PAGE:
I run an animated Christmas light show on the house, and that interferes with my garage door opener whenever the lighting electronics are on. The lights themselves don't have to be on, the problem occurs when there's data on the wire. The neighbors don't have any interference problems so it's pretty local to my house. The receiving antenna on the opener is the factory original piece of wire. I understand basic electronics and am good with a soldering iron, but I don't know much about RF.

Other: I built a quarter wave ground plane antenna for an FM transmitter and don't seem to have any interference problems in either direction. No problems pulling TV off-air either (US ATSC).

The opener runs at 372MHz and the data rate on the LEDs is adjustable on the controller and tends to work best at 800-900kHz.

My thought is to build a receiving antenna for the opener that favors 372MHz and then a bandpass circuit to reduce the noise. I've looked at various antenna designs and can find online calculators for element lengths, etc, but I really don't know which antenna design I need, nor do I know the bandpass circuit I'd need. Any ideas?


EDIT: It's not very clear above, but the lights are completely hard-wired, not wireless.


2 Answers 2


This is not a case of in-band interference, because 372 MHz is of course three orders of magnitude higher than 800 kHz (and there will be no significant harmonics that high, even on a digital signal). Therefore, I do not expect that putting more band filtering on the receiver will help all that much.

If you want to try anyway, the simplest thing in that area is to use a shortened antenna — one which contains, or is entirely, a coil. (This is a high Q antenna, one with a small relative bandwidth.) You'll need to make a friend who owns an antenna analyzer or dip-meter to get it tuned spot on, but given that it shouldn't be hard.

An alternative explanation is that the LED control signals are getting into the receiver circuit after the RF tuned part and upsetting it — either by radiation or through the power cable. Ideally, you'd quiet down the LEDs by shielding and ferrites on the data lines, but of course that would block the light from the LED strips since the data runs through them! (I'm assuming you're using the popular modern individually-addressable LED strips, since you mention things like adjusting the data rate.)

So, maybe try putting ferrites on the power cord to the opener, and foil tape on any cracks or non-metallic parts of the housing that aren't where the antenna is. Lots has been written on how to buy and use ferrite toroids, and I am not an expert in the area, so I can only say “read about it”.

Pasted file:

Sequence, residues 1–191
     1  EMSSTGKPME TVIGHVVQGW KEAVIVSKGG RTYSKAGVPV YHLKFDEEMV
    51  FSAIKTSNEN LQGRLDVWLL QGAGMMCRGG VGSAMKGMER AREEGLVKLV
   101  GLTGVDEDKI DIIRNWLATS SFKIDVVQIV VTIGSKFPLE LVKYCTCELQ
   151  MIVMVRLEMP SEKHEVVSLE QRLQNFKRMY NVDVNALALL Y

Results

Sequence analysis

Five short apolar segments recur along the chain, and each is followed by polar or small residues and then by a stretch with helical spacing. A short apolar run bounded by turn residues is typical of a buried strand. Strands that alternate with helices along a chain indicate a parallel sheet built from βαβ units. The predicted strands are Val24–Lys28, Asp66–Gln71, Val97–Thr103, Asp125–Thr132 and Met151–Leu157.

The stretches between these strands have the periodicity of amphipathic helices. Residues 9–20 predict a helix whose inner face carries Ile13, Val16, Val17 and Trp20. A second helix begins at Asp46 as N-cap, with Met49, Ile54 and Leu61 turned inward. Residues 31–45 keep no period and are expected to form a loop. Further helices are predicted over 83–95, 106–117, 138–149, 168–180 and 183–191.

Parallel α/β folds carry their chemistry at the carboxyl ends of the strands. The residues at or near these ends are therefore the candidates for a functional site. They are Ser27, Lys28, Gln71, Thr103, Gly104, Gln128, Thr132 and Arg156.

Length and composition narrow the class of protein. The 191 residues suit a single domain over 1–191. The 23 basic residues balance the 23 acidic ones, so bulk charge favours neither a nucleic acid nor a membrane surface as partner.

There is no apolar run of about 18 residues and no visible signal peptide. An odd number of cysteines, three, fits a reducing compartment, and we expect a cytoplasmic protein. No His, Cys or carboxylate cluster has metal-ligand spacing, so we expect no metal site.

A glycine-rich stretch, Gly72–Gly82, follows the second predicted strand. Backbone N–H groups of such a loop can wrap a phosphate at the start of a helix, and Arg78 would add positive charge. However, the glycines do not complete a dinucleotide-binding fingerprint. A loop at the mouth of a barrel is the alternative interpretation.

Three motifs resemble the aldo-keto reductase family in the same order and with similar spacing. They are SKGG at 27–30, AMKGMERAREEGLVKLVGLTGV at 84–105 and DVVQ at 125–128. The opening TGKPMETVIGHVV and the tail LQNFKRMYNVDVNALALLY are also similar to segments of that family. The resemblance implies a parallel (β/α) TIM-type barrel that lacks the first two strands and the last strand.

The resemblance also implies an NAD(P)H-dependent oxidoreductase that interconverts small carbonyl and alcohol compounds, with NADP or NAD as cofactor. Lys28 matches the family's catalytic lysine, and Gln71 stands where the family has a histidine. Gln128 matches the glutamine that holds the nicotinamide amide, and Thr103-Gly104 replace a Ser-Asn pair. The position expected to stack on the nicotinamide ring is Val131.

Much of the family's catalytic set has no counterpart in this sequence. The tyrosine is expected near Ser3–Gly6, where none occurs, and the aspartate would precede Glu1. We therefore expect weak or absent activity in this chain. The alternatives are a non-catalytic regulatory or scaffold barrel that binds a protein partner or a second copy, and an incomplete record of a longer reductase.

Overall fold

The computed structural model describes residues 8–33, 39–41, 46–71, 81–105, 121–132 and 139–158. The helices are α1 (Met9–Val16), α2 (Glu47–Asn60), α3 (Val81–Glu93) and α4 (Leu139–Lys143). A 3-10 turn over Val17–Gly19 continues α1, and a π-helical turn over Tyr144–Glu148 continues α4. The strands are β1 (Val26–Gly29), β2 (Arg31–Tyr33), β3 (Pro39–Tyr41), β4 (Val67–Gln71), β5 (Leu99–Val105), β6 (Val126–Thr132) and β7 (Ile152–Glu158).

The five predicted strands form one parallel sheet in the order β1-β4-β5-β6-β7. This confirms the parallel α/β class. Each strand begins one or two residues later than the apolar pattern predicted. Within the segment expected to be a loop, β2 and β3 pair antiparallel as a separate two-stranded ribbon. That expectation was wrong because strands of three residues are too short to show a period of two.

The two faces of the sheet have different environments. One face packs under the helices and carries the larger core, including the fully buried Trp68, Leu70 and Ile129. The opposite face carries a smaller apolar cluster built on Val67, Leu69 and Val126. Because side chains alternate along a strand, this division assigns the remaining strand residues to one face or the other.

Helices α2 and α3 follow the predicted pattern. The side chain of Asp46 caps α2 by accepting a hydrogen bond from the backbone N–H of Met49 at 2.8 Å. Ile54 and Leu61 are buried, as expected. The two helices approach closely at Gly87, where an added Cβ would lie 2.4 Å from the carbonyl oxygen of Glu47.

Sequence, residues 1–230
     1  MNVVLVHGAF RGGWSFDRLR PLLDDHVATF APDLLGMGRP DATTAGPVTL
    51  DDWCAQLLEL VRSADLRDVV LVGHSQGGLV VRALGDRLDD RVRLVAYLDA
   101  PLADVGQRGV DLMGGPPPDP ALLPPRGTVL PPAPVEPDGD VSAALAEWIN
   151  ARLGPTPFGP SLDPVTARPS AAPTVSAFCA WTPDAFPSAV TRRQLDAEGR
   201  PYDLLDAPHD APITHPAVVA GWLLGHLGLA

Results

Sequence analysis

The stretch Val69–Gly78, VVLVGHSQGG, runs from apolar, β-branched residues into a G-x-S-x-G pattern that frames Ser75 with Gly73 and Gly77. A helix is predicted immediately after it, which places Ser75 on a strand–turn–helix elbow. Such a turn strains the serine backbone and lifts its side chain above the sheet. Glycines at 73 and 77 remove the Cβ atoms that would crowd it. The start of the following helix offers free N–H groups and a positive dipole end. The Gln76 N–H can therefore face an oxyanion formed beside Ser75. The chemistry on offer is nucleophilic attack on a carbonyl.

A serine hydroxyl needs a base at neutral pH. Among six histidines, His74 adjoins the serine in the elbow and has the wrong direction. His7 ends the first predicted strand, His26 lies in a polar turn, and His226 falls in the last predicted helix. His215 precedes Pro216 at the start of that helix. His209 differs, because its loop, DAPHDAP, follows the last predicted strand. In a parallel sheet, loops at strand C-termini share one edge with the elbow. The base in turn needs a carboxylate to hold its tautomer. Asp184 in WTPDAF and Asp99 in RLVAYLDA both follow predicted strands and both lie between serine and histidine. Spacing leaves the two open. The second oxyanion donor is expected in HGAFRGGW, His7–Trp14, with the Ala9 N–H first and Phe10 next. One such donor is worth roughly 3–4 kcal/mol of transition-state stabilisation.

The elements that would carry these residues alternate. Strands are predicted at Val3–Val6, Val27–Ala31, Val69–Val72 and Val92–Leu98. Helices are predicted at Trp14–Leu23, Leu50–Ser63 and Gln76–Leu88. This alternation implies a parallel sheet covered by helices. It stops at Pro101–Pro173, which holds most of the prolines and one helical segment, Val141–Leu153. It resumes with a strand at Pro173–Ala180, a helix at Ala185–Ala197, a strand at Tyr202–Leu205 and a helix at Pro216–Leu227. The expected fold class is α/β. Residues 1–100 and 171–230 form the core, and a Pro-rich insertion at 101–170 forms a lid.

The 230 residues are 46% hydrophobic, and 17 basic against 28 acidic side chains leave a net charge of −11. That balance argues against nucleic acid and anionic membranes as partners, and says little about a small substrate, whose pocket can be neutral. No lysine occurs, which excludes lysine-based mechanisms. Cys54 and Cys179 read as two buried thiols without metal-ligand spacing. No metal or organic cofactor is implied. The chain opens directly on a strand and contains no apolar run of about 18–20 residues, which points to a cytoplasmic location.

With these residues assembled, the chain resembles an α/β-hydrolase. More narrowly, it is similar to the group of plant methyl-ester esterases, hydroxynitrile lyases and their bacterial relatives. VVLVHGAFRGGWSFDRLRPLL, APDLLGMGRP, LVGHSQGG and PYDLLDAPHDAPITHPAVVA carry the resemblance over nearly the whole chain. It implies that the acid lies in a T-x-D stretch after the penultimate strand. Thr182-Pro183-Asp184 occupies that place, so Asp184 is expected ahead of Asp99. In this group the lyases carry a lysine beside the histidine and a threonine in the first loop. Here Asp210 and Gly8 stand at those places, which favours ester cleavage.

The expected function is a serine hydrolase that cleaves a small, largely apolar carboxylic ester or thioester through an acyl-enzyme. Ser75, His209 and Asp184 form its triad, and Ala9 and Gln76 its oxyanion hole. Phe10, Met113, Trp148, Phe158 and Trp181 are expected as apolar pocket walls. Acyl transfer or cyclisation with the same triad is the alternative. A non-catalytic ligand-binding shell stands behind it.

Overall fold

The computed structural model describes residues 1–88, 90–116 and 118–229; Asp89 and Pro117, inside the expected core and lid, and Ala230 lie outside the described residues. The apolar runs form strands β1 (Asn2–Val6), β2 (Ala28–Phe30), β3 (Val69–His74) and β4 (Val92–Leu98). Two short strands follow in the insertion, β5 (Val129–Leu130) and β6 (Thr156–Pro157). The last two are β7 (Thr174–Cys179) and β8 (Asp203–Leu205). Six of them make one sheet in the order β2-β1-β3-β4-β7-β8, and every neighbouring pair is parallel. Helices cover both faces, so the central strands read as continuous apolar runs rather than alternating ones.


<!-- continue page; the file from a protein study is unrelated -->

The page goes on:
A cheap (~\$20-\$40) investment in measurement tools you might be interested in is getting an RTL-SDR device. You can plug it into your laptop or phone, tune to 372 MHz, and watch what effect your LEDs have (or don't) on that part of the spectrum. (Make sure the AGC is turned off!) This will tell you whether filtering the receive antenna will be useful. You can also use them to listen to FM radio, hams, airplanes, weather radio, and some emergency services radio.

  • \$\begingroup\$ Thank you very much! I suspect you're right about signals getting in after the RF. There's a large gap in the case where the motor parks (discontinued Wayne-Dalton I-Drive). It also uses a PC power cable and I can probably find one around her with ferrites already installed. Your assumption on the LEDs is correct, though I'm using the individual bulb style, it's the same tech -- WS2811. ... and the RTL-SDR is on it's way ... \$\endgroup\$
    – Marc Young
    Oct 19, 2015 at 3:59
  • \$\begingroup\$ How bad is the radio noise at the fundamental frequencies (~900KHz)? This is in the AM broadcast band an AM receiver should easily pick it up. I bet it's off the charts which is a problem in itself. \$\endgroup\$
    – Tim T
    Dec 27, 2020 at 20:08

You might be getting RF through the AC lines. Shorten the length of your wires (where possible) and if you have a long length of wire to the socket, coil it up to form a choke.


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